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Last Update:  11/11/15
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||  Carpenter Bee Damage  ||  Doing it Yourself  ||  How We Do It  ||  Preventing Carbenter Bees  ||

carpenter bee
arpenter bees, Xylocopa virginica is the predominant species around here, are solitary
bees.  That is, they don't live in a "hive" such as honey bees do.  They do, however, tend to accumulate in certain areas.  In this area of the Delaware Valley, they are known to attack any unpainted or unfinished wooden items.  While the females do have a stinger, they are very docile and are not known to sting people, even when disturbed.  The males, as with any bee, wasp or hornet, have no sting mechanism.

You can completely ignore the ones that "buzz" you, they're the males. The females are much too busy getting their galleries ready to deposit their eggs to bother with you. Females will work all summer, you just won't notice them. The woodpeckers will, however.
I hate the females!

bumblebee - CLICK for large image
Carpenter bees are bigger and much more robust than the bumblebees.  Female bumblebees can sting and female carpenter bees have the equipment, but almost never do.  (I don't think you should risk handling any kind of bee, however!)

In the springtime, the males actively search out the females, and hang around where the females have found some unfinished wood.  In nature, this is a dead tree or tree branch, but modern building techniques, (and modern paints and finishes) cause the problem. Most of the congregating bees you see in the early spring, hovering around, will be those males. They hang around, waiting for the females, (just like all males) they are very territorial, and will confront you whenever you enter their territory.  Male bees are incapable of stinging, and are only checking you out.  If you stand still for a minute or two they will forget you are there and leave you alone - unless, of course, you happen to be a female carpenter bee.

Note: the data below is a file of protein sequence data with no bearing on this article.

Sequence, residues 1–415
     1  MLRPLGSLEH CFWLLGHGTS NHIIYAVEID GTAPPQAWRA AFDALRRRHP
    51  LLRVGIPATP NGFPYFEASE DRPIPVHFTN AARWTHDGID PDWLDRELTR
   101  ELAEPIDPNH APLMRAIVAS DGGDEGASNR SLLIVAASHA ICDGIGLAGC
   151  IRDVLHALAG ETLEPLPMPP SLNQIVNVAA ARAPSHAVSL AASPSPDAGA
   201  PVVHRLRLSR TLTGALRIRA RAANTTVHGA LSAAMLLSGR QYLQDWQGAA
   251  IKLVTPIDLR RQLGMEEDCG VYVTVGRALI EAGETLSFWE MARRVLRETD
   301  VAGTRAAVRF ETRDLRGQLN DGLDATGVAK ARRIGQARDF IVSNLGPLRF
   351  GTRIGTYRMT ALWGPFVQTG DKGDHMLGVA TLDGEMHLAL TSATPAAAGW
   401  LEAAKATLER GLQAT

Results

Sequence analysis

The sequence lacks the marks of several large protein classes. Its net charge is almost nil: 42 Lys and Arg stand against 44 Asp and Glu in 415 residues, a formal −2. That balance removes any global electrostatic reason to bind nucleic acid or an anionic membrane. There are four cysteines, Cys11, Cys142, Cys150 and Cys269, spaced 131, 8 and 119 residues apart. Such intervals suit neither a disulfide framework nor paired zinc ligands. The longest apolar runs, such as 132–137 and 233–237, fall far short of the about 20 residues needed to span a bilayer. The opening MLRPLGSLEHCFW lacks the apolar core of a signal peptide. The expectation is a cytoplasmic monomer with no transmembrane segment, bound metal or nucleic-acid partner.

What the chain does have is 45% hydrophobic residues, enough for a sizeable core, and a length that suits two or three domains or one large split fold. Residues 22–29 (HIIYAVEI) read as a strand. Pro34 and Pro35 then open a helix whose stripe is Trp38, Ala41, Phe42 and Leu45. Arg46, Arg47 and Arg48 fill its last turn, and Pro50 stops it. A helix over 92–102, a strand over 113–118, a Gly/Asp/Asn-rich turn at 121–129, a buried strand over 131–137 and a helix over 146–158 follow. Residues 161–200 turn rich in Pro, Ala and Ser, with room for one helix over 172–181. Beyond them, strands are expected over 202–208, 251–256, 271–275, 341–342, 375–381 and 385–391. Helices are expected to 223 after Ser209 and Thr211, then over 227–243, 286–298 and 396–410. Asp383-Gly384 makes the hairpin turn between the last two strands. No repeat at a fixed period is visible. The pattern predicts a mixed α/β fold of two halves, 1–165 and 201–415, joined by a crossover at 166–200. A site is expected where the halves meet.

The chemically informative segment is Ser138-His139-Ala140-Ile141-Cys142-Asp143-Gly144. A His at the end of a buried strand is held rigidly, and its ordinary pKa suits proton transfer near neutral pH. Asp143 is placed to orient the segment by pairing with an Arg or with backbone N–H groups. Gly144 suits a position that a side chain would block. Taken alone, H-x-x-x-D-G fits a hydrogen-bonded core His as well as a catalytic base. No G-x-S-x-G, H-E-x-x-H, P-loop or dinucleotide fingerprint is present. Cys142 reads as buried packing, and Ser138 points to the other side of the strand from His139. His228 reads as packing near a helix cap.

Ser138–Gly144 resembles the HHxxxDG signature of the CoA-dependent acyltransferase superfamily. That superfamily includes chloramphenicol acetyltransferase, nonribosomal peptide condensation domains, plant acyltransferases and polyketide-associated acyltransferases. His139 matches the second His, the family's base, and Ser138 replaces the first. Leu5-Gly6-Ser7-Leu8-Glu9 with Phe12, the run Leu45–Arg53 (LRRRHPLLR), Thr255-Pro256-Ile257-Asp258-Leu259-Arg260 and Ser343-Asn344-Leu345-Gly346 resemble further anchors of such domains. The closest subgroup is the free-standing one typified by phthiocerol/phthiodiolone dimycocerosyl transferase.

It happens because builders and painters often don't paint the areas of your home that you don't normally see. Carpenter bees can get into very small areas, and will seek out the unpainted wood surfaces and bore their holes, (perfectly round holes, about 3/8ths of an inch in diameter) using these galleries to cache several eggs that will eventually hatch into more bees.

These same bees will hibernate in these same galleries over the winter, so they do tend to accumulate, after a few years, into more and more bees, until you might think they will take over the whole place.

The bees can find these unpainted areas and will bore holes into it, and after a few years you will find that it is full of holes or gouges that emerging bees have made in the wood. Fortunately, these infestations are self-limiting, and carpenter bees do not attack the inside wooden structure.
Carpenter bee damage

Although, technically, they are a "wood boring insect," they are not really considered a true structural pest.  They will not spread throughout the structure, but they will attack any outside wood that is not painted or finished.  Around here, they frequently attack the back side of fascia boards (installed as trim) which is routinely not painted.  Sometimes the holes are not visible, and all you can see is the ejecta from their boring.

You can paint.  You must paint everything, even the areas you don't see, such as under window sills and under bannisters and railings.  Use a GOOD exterior primer, TWO coats, follow up with at least one coat of finish.  Covering wooden components with aluminum sheathing will work only if done correctly.  This means that you must eliminate any spaces where the bees will find the wood.  They can squeeze through incredibly small places, so you have to be very thorough.  Spaces or holes a quarter of an inch or larger will let these bees through.